The theory of  the banality of evil denotes  that imagining  evildoers as sadistical monsters is a convenient escapism.  It allows us escape the confrontation with our own morality,  the morality of our elected leaders and the morality of our political systems. In the context of politics, obedience is support and,  as citizens,  each of us,  has the ability to do good, bad or even evil.


Reccomended readings:

Arendt, H. 1963,  Eichmann in Jerusalem. A report on the banality of Evil.

Lara, P.M. 2007, Narrating Evil. A Post Metaphysical theory of Reflective Judgment.



Is it possible to combine good and greed? A look at Social Enterprises through its legal definitions and moral dilemmas

Social Enterprises are of special significance to the legal theory of business and human rights. As enterprises which pursue the common good under a commercial strategy, they create an insurmountable bond between business and human rights. 

However, social enterprises remain largely legally undefined and this vacuum creates an interesting opportunity for legal and moral speculation: Is it possible that SEs hold greater human rights responsibilities than other types of enterprises? How do SEs contribute towards the betterment of society? And most importantly:  Can SEs combine good and greed?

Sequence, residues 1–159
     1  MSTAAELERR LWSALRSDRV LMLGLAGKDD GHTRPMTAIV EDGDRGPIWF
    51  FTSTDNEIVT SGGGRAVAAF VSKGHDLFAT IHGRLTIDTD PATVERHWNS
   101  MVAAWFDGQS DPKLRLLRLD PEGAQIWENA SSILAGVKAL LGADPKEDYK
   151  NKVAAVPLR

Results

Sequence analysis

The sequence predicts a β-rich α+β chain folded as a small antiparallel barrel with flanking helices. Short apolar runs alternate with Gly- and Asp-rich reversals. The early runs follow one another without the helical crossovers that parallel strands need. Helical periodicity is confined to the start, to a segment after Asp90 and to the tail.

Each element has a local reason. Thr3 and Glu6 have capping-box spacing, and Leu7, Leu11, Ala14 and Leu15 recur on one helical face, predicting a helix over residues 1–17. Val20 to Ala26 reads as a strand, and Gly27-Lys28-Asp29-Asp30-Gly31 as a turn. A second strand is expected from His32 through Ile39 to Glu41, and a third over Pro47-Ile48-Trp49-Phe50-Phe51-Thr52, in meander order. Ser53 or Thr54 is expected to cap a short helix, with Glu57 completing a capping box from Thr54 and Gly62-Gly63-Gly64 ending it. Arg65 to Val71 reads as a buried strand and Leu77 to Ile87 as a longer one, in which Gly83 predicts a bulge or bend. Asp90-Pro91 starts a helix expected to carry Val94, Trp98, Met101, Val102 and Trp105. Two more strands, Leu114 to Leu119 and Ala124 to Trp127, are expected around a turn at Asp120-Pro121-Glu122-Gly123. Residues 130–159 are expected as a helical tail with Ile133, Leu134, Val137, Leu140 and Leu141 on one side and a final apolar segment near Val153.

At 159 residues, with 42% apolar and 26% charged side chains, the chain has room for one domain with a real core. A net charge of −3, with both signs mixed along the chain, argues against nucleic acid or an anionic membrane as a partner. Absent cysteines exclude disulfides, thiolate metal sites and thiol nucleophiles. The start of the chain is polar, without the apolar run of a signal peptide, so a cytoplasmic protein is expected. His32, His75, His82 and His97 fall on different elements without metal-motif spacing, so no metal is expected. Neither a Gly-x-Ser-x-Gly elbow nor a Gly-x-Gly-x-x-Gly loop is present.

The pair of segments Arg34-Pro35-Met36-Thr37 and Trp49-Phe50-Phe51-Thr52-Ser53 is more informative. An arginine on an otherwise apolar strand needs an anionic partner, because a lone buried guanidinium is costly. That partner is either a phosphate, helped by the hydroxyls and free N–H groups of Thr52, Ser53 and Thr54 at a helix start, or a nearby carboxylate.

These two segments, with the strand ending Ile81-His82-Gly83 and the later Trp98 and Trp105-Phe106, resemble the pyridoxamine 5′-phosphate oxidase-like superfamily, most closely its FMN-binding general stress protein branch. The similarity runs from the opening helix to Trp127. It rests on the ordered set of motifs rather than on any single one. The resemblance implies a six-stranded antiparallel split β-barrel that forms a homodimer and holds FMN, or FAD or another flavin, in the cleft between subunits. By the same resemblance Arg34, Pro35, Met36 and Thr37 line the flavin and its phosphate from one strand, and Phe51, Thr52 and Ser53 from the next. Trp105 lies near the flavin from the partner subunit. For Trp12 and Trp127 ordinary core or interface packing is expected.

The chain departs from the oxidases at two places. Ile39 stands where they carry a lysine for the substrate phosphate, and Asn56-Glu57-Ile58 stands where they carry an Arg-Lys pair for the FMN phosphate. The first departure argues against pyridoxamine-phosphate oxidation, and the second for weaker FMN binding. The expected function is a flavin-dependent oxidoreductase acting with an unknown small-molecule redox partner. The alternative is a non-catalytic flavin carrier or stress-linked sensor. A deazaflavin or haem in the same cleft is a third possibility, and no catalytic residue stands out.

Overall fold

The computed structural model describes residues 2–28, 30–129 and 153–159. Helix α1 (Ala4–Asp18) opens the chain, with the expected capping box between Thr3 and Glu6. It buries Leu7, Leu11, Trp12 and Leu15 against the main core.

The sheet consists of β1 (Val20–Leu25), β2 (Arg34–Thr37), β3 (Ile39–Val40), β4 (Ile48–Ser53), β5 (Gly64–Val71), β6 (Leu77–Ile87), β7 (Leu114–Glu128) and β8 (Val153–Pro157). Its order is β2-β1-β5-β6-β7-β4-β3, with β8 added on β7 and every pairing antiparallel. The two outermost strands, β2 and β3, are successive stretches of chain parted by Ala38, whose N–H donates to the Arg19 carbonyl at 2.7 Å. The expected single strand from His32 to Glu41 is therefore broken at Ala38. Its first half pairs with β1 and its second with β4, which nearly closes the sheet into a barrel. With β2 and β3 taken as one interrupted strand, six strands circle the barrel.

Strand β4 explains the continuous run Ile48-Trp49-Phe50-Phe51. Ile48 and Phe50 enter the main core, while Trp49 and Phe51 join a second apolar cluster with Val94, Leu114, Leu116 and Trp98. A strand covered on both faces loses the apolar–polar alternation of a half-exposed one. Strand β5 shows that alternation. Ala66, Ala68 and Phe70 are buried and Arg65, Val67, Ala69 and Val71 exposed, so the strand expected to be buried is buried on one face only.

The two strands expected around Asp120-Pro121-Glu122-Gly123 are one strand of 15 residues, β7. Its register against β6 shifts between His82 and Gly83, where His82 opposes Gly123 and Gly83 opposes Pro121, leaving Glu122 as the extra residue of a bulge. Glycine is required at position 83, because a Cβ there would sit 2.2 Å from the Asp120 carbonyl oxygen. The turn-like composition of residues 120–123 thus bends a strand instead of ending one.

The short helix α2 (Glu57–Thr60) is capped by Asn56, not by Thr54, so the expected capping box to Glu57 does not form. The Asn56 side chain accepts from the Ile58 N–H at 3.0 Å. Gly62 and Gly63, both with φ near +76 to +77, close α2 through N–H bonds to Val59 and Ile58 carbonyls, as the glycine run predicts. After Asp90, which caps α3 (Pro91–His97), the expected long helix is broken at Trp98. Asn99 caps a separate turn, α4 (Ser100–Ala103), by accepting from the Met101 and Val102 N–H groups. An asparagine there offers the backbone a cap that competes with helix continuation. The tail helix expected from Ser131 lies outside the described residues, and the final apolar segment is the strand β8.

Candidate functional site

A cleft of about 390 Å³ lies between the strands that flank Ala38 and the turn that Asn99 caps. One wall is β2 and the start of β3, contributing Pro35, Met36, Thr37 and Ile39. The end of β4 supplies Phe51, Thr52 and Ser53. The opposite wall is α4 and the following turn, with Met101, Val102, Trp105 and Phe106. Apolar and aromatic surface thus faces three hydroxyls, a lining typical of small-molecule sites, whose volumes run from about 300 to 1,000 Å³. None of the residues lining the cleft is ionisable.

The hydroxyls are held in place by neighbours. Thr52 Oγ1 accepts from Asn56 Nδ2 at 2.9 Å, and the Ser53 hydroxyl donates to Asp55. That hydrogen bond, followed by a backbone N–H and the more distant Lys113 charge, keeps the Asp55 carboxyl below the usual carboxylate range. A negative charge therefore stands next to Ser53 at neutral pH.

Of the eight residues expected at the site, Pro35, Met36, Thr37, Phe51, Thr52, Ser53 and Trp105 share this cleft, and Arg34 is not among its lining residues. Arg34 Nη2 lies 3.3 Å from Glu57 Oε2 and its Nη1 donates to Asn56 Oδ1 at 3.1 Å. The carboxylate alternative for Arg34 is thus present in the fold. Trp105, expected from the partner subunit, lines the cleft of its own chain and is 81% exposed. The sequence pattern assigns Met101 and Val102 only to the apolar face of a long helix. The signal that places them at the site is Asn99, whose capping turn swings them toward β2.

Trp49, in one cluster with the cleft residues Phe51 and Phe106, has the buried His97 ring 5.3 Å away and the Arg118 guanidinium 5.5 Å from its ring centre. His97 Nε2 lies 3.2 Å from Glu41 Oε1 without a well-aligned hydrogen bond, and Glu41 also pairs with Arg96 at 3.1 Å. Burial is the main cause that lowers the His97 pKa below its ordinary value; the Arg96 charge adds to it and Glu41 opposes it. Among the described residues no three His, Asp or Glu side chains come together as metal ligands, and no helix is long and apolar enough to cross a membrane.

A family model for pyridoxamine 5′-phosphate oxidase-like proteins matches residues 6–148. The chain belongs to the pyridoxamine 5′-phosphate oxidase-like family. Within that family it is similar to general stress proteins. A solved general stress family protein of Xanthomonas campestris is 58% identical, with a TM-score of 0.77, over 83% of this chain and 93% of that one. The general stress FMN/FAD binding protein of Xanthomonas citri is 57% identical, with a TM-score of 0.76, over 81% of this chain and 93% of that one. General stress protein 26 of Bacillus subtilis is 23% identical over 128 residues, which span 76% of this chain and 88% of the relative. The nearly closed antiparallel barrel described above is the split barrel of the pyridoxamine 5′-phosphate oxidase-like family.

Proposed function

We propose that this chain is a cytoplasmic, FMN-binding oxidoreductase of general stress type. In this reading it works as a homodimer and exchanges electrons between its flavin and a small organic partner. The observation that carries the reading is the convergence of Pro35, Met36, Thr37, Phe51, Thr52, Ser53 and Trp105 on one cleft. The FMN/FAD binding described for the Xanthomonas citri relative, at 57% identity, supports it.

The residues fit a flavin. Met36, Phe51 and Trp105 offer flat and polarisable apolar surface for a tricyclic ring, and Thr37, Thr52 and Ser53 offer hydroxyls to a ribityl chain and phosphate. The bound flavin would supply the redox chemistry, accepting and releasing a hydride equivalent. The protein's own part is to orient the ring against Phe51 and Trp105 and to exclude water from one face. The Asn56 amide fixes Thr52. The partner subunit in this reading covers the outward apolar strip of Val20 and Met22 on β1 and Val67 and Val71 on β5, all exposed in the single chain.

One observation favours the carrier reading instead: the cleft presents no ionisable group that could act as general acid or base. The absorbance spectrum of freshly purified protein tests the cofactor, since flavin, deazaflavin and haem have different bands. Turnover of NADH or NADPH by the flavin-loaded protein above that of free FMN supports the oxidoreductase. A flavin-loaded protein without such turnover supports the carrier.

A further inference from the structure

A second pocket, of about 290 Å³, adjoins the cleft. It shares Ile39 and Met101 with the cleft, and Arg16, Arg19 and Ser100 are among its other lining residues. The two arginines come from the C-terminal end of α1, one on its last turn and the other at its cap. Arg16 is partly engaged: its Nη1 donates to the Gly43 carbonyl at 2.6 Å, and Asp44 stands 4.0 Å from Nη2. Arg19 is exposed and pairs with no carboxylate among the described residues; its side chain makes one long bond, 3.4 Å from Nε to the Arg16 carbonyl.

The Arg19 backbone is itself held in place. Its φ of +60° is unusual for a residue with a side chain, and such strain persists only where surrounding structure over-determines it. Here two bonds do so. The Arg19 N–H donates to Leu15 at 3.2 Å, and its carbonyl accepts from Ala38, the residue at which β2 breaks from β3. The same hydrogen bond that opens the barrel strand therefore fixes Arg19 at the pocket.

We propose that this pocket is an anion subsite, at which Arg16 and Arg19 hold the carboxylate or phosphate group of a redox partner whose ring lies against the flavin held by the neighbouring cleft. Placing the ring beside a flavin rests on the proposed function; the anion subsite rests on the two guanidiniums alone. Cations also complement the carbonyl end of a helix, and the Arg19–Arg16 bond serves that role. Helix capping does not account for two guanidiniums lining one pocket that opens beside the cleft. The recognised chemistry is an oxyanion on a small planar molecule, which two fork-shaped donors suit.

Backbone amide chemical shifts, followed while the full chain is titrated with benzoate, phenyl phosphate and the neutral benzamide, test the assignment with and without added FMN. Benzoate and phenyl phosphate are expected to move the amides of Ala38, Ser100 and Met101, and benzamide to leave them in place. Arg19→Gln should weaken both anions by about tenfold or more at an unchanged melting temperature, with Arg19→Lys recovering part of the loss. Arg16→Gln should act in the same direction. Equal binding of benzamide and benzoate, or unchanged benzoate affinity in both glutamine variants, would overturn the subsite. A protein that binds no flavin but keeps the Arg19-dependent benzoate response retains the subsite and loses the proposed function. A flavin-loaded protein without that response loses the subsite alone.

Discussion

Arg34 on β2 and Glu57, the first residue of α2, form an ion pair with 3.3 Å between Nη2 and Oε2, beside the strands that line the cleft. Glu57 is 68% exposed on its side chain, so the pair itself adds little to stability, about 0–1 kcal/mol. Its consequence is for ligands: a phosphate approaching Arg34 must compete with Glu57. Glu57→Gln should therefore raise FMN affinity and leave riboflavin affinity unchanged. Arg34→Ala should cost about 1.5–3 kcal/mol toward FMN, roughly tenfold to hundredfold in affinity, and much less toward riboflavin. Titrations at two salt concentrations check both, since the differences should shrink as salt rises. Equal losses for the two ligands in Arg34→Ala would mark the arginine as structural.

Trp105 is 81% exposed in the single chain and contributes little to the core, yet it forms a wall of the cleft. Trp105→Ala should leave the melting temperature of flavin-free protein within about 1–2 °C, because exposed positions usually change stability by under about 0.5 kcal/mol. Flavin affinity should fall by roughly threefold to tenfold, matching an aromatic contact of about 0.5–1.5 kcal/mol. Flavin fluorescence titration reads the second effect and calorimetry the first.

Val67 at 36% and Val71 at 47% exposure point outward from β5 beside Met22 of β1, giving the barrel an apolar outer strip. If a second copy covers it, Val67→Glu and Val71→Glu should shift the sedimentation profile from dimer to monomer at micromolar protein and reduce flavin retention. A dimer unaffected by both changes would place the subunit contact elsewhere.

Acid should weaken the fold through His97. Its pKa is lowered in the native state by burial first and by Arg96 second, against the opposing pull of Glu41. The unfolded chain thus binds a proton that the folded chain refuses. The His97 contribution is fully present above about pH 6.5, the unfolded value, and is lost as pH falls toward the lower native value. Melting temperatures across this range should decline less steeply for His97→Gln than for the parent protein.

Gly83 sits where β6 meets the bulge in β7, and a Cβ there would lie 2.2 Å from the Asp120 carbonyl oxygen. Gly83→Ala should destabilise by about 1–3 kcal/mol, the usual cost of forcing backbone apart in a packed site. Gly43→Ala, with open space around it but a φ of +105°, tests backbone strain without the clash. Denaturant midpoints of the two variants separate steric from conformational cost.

Two opposing views

“The point is, ladies and gentleman, that greed, for lack of a better word, is good. Greed is right, greed works. Greed clarifies, cuts through, and captures the essence of the evolutionary spirit.”

Gordon Gekko , Wall Street: Money never sleeps

“Greed is the inventor of injustice as well as the current enforcer.”

                                                                                        Julian Casablancas


Legal definitions and regional understandings

There is no global legal consensus on the definition of a social enterprise (SE). There are however two dominant conceptions of SEs (the European perspective and the North American perspective), and a definition provided by the Organization for Economic Cooperation and Development (OECD).

The OECD has made efforts to clarify the term SE and associated notions such as social entrepreneurship, social entrepreneur and social innovation. It classifies social entrepreneurship as a movement that responds to social challenges with innovative commercial solutions. SEs reject the traditional exploitation of the market opportunities for financial profit. But, rather capitalize it for the improvement of social conditions and local communities.

Professor_Muhammad_Yunus-_Building_Social_Business_Summit_(8758300102)Social Entrepreneur, Nobel Prize Winner and Founder of the Grameen Bank Muhammad Yunus. By University of Salford Press Office https://commons.wikimedia.org/w/index.php?curid=38983058